Where I’m From
BY MARY WEEMS
I’m from the Owens clan, grandmother
on mama’s side one of eleven, the eight women
like growing up with extra mothers,
thanks to them, part of my childhood one continuous,
proud-to-be Black, loving hug. Father,
a post-it note. Family the center
I can’t be without.
I’m from what used-to-be the ghetto, a place
of 5-row single-floor apartments, where we didn’t lock
our doors. The smells: pressed and curled hair, sweet cornbread,
chitlins, peach cobbler, greens, and blackeyed peas mixed
with the vegetables in the garden in the big yard, what wind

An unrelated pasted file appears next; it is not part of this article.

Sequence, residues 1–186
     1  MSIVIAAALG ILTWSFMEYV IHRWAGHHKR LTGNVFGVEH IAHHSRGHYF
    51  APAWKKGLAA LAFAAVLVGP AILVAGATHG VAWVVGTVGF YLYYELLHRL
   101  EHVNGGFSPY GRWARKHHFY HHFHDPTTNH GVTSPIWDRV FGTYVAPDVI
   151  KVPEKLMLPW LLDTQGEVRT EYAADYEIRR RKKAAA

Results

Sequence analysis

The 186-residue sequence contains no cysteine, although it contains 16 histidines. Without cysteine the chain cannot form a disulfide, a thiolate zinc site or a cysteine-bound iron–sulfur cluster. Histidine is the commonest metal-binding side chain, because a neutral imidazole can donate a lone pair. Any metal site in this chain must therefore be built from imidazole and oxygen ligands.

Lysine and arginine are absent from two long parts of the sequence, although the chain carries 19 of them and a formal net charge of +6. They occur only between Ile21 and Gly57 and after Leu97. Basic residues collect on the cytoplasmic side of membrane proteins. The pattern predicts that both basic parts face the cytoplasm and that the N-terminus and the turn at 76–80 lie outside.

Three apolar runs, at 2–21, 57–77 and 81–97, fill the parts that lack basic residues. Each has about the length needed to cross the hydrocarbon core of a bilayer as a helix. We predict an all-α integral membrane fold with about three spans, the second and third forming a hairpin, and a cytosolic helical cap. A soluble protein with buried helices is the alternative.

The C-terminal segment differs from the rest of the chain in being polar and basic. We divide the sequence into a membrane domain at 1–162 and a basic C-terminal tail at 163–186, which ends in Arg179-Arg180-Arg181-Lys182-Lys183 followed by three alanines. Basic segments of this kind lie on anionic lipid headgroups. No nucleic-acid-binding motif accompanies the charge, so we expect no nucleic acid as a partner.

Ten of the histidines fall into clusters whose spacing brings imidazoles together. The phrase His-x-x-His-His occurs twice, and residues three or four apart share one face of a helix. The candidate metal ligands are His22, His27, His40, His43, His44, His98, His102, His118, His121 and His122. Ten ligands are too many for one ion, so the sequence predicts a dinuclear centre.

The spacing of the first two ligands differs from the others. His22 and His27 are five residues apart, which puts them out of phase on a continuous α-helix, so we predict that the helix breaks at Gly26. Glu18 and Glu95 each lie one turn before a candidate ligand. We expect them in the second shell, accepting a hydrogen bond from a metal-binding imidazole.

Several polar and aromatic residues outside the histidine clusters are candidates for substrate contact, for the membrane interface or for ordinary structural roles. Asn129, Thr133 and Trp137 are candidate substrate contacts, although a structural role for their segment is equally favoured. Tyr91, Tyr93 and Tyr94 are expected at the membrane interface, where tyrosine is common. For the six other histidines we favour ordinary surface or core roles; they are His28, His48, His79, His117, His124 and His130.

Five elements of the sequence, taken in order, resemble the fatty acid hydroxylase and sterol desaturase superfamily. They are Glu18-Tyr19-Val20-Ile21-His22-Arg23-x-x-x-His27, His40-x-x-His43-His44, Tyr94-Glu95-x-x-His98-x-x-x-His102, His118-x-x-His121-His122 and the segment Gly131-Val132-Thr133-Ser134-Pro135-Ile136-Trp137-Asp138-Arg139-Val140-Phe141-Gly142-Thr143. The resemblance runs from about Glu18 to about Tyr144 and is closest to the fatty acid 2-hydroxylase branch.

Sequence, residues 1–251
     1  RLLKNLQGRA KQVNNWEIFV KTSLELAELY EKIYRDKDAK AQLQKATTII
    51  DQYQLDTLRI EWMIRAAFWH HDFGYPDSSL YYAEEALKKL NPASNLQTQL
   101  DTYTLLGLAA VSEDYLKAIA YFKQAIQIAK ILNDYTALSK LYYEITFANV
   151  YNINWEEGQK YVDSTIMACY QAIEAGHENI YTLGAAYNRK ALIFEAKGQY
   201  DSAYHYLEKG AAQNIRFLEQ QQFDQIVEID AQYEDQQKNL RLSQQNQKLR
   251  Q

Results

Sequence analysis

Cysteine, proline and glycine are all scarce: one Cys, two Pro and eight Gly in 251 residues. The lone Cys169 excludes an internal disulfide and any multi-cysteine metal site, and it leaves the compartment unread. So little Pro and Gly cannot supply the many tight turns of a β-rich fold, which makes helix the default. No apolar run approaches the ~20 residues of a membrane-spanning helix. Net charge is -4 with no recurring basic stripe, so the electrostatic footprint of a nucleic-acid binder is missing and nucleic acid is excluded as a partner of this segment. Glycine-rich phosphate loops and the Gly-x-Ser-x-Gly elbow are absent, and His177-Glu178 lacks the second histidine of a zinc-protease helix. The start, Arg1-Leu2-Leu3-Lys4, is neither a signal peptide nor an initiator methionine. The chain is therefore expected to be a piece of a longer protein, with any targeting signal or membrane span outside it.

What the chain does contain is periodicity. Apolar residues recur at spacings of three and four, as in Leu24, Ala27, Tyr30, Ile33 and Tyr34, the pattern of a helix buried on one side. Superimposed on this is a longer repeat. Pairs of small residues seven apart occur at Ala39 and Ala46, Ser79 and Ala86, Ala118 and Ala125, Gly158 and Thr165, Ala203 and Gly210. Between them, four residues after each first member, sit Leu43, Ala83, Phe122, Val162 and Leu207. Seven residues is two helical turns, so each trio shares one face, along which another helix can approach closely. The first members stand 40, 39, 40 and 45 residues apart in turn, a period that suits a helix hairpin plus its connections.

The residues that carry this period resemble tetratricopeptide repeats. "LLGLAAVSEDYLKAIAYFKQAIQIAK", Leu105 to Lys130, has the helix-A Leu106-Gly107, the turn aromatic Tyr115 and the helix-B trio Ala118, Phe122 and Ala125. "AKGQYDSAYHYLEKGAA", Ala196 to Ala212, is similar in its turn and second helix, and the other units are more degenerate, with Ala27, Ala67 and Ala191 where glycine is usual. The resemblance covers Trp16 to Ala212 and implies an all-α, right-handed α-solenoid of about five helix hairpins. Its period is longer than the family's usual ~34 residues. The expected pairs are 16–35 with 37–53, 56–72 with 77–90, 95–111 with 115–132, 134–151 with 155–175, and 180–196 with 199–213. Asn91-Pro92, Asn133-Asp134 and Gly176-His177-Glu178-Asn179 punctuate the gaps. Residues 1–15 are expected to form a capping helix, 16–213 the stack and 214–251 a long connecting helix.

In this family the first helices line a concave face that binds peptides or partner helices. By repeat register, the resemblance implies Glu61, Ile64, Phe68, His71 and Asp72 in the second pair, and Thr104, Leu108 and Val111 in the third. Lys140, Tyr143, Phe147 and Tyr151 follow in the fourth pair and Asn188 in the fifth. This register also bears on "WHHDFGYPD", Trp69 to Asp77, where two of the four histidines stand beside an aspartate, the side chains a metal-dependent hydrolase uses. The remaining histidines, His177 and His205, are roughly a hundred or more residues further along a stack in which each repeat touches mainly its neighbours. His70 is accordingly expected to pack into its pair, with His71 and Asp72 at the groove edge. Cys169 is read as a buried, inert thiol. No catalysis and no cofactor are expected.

brought to my nose when it moved through the leaves
of our one large tree.
I’m from a time when a segregated Cleveland meant Black folks
owned our neighborhoods from E. 55 th and up, the street
an uncrossed white line in the land, the grocery stores, beauty
and barber shops, churches, and doctors and dentists’ offices
alive with everything we couldn’t get anywhere else.
I’m from water. My soul a river moving from the Nile to the Atlantic,
to Lake Erie, the flow at the E. 55 th street pier a place I breathe easier,
feel my ancestors, used to walk and talk with my late daughter.
Erie’s voice transcribed on a rusty metal break wall Help me I’m Dying,
Reminding me of the importance of taking care of this blessing,
that like people, our water can die too.